Posted by Jay Markanich, Home Inspector - servicing all Northern Virginia (Jay Markanich Real Estate Inspections, LLC) about 7 years ago

Nope not accessible to me.  I had a Wolf range the other day where the shut-off was under the pan below the burners---that I considered acessible.

Posted by Charles Buell, Seattle Home Inspector (Charles Buell Inspections Inc.) about 7 years ago

Charlie - yep!  Mine is in the cabinet right underneath and very easy to reach.  We have a crock pot in front of the gas tube though - black iron, so not too dangerous!

Posted by Jay Markanich, Home Inspector - servicing all Northern Virginia (Jay Markanich Real Estate Inspections, LLC) about 7 years ago

You're getting a lot of blog fodder from this one lovely house. That valve might be accessible if you're rubber man.

Posted by James Quarello, Connecticut Home Inspector (JRV Home Inspection Services, LLC) about 7 years ago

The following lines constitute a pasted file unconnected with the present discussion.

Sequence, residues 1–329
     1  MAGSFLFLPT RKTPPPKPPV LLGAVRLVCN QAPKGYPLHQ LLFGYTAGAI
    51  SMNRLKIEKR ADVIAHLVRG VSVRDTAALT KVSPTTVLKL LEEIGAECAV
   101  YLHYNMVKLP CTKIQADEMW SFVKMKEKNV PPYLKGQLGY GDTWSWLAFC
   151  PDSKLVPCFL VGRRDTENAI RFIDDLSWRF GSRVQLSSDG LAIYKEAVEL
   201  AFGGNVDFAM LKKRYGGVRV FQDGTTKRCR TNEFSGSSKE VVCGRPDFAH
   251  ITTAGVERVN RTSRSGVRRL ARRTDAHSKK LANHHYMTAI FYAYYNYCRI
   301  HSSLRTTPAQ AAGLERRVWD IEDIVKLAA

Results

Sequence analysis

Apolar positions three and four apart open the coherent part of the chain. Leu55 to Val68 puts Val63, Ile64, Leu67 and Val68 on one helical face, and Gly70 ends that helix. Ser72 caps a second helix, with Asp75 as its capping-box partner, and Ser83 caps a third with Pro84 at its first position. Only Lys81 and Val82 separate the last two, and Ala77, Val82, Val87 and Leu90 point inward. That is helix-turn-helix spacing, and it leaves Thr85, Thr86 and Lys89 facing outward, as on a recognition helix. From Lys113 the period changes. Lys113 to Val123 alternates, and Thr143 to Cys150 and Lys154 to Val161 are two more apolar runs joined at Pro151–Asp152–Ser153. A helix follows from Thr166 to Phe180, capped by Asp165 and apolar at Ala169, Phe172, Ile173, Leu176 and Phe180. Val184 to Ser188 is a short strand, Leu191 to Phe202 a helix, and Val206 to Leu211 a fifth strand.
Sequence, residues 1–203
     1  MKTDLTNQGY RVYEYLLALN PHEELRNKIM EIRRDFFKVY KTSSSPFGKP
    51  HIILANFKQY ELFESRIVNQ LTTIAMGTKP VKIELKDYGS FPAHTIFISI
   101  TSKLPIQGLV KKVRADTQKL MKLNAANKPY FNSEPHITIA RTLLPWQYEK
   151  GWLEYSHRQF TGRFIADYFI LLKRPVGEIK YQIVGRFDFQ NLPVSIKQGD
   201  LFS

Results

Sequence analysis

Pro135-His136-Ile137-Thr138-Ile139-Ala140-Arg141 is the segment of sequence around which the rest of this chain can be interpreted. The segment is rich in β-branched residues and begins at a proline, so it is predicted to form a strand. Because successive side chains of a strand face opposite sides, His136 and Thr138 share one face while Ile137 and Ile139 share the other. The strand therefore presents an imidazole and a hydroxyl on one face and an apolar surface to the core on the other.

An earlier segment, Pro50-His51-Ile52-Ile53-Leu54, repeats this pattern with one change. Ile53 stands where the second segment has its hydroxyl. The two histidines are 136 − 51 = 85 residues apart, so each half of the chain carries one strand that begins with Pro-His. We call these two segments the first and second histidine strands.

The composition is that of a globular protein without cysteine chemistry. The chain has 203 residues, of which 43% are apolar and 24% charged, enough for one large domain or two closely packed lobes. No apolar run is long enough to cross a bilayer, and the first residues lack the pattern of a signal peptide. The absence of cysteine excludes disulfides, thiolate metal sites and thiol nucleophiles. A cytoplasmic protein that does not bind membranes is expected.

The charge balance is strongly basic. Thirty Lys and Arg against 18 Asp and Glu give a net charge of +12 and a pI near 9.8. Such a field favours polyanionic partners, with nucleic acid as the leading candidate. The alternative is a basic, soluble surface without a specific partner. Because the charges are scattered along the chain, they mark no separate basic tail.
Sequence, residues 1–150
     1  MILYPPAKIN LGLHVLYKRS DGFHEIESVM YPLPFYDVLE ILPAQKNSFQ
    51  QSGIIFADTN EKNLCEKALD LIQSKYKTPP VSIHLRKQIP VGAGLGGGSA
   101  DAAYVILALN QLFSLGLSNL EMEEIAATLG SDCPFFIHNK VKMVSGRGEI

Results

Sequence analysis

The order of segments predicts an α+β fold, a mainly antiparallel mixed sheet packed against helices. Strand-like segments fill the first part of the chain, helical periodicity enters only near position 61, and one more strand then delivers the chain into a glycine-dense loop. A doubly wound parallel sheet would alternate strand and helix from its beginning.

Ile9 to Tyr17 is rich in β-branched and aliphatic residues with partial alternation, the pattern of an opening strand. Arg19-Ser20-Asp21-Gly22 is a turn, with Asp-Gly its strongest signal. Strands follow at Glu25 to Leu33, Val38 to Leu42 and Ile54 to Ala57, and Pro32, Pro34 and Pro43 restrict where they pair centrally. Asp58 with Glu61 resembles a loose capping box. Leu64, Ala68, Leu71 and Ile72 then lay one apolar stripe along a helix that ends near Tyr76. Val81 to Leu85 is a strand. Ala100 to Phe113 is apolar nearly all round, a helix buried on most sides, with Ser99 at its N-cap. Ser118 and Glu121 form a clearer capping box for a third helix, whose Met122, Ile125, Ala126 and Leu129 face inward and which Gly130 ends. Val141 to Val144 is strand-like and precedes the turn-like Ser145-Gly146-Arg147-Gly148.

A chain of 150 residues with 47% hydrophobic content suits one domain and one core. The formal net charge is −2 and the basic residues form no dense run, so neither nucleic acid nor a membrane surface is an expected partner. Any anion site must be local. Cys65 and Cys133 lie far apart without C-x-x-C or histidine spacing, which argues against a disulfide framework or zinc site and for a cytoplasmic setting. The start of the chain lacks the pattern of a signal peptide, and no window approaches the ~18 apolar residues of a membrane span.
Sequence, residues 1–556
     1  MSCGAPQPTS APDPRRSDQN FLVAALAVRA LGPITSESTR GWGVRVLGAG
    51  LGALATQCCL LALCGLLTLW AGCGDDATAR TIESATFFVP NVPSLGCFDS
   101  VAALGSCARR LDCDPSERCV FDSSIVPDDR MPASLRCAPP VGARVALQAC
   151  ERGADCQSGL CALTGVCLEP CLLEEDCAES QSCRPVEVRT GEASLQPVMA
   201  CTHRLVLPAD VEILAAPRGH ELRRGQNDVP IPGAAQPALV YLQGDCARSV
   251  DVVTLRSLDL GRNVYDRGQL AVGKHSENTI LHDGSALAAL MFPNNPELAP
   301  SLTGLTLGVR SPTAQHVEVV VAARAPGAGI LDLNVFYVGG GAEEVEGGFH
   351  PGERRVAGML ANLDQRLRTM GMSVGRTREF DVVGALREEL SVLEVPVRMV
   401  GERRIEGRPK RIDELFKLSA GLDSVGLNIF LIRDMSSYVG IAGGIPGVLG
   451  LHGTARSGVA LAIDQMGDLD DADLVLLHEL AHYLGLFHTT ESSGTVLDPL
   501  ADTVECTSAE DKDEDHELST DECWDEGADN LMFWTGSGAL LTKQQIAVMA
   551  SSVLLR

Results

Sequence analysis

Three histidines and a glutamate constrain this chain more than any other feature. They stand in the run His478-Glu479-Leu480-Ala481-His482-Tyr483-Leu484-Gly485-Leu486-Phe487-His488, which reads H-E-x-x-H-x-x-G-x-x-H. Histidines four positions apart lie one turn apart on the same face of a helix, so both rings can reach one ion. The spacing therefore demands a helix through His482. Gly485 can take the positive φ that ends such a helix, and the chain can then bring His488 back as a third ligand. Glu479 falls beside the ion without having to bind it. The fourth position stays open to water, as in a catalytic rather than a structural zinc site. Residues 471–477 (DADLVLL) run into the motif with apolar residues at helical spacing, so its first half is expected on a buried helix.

Can you imagine a grease fire Jim, or a serious gas smell, and the people running around trying to figure out how to turn it off?  When people are stressed they aren't thinking and when panicked it's even more fun!

Posted by Jay Markanich, Home Inspector - servicing all Northern Virginia (Jay Markanich Real Estate Inspections, LLC) about 7 years ago

All types of shut off valves exist, gas water, oil, steam, etc. . They all need easy access. Good call Jay.

Posted by Robert Butler, Montreal Home Inspector | Aspect Inspection (Aspect Inspection) about 7 years ago

I don't think the County will take too well to this one either Robert.  It would be interesting to know what happens with this house, as my client bugged out.

Posted by Jay Markanich, Home Inspector - servicing all Northern Virginia (Jay Markanich Real Estate Inspections, LLC) about 7 years ago

After you do the inspection -- do you give the flipper the list of problems?  Wouldn't he have to disclose those to any future potential buyers?

Posted by Steven Cook (No Longer Processing Mortgages.) about 7 years ago

Steven - the seller is supposed to receive a copy of the inspection report and can do with it what he will.  Yes, he is supposed to disclose all this.  Did he?  Do you think so?  I don't...

Posted by Jay Markanich, Home Inspector - servicing all Northern Virginia (Jay Markanich Real Estate Inspections, LLC) about 7 years ago